The East Village 
Comes to Verplanck

KinoSaito (photo credit: Jody Kivort)

For just a few moments, it felt much like a time warp, in which I was back in the Sixties in the East Village searching for some abandoned church or obscure place where there was an arts happening going on. It was always some hard-to-find place like the one in Verplank, NY, which just opened its doors to the public. The brick building was squeezed among the rows of clapboard houses. I trudged there on a Friday night, curious to see how the arts were settling into this rural setting in which factory workers in the brick industry made their homes there for many generations.

Serendipity has always been a characteristic of artists’ migration to unlikely places, where artists are usually on the hunt for affordable large open spaces to accommodate large-scale works of art. Thus it was fortuitous that Kikuo Saito and his wife Mikiko Ino, in 2013, happened upon the St. Patrick’s School that was abandoned by the archdiocese in 1991. The school had been a fixture in the town since 1921. One might speculate that the work of an abstract painter would be somewhat of an anomaly in this factory town, where generations of Italian families have lived and prospered. But that was not the case, according to Beth Venn, the Executive Director of the KinoSaito Art Center, who said that neighbors eagerly welcomed the couple from SoHo as the saviors of their beloved alma mater. Many generations of Italians in the community had attended and graduated from St. Patrick’s School, and they were happy that it was being saved for a good purpose. 

For a time, until he died in 2016, Kikuo used the school as a studio, second only to his New York City digs. After his passing, the couple’s dream of building a residency program in the burbs, where artists could come to replenish their artistic wells, was carried out by Mikiko with board members of the newly established arts center: writer Josh Cohen and Sarah Strauss, an architect whom Kikuo mentored. The renovated arts center now houses two large art galleries, a multipurpose performance space, two studios, a classroom and a café.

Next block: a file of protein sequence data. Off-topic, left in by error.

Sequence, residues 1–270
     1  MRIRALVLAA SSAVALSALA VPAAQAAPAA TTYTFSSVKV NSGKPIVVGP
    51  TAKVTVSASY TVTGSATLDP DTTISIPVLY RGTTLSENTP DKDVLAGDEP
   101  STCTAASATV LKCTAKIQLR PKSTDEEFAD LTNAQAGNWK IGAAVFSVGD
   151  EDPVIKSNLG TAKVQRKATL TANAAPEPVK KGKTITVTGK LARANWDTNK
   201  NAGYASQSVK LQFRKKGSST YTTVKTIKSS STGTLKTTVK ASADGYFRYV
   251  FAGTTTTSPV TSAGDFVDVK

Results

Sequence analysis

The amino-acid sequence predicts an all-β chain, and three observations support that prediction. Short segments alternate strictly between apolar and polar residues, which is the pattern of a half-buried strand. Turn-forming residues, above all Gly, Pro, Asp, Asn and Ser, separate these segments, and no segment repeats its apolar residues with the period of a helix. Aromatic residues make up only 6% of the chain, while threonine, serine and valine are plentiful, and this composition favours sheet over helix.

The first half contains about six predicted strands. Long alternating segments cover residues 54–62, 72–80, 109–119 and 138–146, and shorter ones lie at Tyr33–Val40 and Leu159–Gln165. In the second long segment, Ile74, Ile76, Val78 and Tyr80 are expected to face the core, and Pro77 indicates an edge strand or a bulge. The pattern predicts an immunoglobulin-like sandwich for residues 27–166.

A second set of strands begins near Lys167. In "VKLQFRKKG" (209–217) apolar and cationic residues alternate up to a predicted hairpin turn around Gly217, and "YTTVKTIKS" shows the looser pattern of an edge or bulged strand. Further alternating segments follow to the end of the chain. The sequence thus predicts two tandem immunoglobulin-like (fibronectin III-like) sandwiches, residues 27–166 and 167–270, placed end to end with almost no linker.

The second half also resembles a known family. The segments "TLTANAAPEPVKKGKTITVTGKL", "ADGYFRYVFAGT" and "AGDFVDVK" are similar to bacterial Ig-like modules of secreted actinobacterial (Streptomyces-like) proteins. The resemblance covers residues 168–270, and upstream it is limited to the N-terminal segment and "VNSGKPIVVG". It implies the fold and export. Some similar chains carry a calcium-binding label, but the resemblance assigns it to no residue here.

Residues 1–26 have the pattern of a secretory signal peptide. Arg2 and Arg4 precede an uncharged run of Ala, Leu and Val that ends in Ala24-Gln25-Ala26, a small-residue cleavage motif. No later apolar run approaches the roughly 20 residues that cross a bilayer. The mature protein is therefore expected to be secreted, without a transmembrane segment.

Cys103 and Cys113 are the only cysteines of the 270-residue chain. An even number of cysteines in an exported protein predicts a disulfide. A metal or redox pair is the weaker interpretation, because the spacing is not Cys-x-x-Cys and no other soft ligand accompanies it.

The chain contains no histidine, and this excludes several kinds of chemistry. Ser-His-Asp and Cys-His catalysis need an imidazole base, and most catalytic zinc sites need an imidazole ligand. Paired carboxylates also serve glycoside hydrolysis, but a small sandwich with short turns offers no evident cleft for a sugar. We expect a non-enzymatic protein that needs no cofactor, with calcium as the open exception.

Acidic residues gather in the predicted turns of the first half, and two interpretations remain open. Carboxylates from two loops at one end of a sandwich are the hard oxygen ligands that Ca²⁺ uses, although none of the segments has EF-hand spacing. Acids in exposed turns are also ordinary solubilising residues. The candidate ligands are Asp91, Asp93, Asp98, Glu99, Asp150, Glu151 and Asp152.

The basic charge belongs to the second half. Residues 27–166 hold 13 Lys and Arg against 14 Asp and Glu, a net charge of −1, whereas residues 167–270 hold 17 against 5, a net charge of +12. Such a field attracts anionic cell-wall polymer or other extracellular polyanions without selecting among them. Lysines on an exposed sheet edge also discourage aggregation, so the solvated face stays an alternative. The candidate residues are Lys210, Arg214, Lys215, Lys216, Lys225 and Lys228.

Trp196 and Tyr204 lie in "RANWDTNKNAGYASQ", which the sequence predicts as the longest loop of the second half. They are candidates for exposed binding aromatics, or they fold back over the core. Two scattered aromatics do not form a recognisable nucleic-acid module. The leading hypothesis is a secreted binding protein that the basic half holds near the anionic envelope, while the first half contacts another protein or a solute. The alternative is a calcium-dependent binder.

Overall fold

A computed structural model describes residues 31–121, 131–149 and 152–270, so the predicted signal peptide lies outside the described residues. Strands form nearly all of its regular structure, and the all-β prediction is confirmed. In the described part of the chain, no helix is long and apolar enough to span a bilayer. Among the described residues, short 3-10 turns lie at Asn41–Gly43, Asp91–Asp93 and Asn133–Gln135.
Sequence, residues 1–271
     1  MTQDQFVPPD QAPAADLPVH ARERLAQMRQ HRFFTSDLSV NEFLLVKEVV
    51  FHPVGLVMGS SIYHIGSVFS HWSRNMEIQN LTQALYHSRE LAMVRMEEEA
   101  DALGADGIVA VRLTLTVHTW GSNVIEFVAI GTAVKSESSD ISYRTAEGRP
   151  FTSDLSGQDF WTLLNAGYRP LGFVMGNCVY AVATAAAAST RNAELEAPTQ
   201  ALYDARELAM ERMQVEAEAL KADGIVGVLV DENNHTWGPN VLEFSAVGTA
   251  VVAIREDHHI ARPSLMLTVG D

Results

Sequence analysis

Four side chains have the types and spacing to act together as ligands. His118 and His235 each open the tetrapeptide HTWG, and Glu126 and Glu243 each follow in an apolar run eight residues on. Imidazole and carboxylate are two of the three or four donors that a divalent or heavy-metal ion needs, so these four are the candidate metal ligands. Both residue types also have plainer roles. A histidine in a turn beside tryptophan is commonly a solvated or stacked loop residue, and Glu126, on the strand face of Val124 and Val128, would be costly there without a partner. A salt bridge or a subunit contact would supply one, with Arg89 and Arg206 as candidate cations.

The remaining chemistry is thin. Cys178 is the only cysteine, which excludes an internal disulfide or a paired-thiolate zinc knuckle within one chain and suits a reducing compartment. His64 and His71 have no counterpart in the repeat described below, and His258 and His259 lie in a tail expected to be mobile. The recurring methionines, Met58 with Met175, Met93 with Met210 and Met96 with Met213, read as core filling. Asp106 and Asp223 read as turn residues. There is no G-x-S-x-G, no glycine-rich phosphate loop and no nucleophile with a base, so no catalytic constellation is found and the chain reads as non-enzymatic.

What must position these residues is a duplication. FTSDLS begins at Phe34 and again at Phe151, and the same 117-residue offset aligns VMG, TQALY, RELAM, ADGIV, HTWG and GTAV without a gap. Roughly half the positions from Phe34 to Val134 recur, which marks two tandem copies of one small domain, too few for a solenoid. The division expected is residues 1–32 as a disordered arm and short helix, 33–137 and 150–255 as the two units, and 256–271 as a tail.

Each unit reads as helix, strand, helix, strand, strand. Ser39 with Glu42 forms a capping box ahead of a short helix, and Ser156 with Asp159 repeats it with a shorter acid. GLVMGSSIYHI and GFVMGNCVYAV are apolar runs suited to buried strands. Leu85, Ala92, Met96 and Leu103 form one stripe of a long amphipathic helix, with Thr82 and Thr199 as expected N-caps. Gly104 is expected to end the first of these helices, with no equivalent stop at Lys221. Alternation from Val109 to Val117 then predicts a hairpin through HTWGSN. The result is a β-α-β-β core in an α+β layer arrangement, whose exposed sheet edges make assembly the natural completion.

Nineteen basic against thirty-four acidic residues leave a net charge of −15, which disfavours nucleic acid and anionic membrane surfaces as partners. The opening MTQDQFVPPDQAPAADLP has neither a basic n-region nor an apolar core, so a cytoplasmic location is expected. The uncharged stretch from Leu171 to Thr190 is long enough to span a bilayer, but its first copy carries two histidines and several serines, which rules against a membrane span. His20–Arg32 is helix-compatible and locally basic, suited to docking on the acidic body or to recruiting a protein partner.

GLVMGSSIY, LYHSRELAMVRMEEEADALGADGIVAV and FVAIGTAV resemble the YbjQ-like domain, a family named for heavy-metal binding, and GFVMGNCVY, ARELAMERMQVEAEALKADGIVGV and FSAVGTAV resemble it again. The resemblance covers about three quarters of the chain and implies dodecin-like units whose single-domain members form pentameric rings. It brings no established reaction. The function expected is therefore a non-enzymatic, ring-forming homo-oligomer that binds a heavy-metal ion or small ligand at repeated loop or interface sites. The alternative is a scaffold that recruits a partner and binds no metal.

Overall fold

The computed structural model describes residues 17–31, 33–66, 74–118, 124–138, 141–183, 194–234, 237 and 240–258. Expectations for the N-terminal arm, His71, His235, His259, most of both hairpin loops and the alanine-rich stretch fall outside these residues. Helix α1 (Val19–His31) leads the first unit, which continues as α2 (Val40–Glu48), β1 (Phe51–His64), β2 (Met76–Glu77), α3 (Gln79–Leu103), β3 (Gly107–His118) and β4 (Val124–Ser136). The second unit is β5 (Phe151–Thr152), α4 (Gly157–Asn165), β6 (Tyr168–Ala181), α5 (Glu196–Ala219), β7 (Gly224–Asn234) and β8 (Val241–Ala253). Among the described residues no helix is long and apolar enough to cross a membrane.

Kikuo Saito was a well-known abstract painter who was prominent in the art scene in the Seventies, having worked as an assistant to such renowned artists as Helen Frankenthaler, Kenneth Noland and Larry Poons. His abstract painting led him to the theater, and he was soon very well known as a set designer working closely with Ellen Stewart, founder of the LaMaMa Experimental Theater in the East Village. Kikuo was born and schooled in Tokyo, Japan, and came to New York in 1966, as did many abstract expressionist painters.

Exhibitions Painting as Performance / Performance as Painting and Cloud Paintings, both on view through November 15, feature some of Kikuo Saito’s mature work, which is sparse and minimal, textural and interrupted lyrically with gestural strokes of color. Whether Verplank will become the new Bushwick, only time will tell. However, for a taste of the New York arts scene, find your way to 7th Street in Verplank. Bring along your GPS, and if you get lost, you can always drop in at the Café Paradiso, which locals tout as the best pizza in town.

Painting as Performance/Performance as Painting exhibition on view in KinoSaito’s gallery (photo credit: Jody Kivort)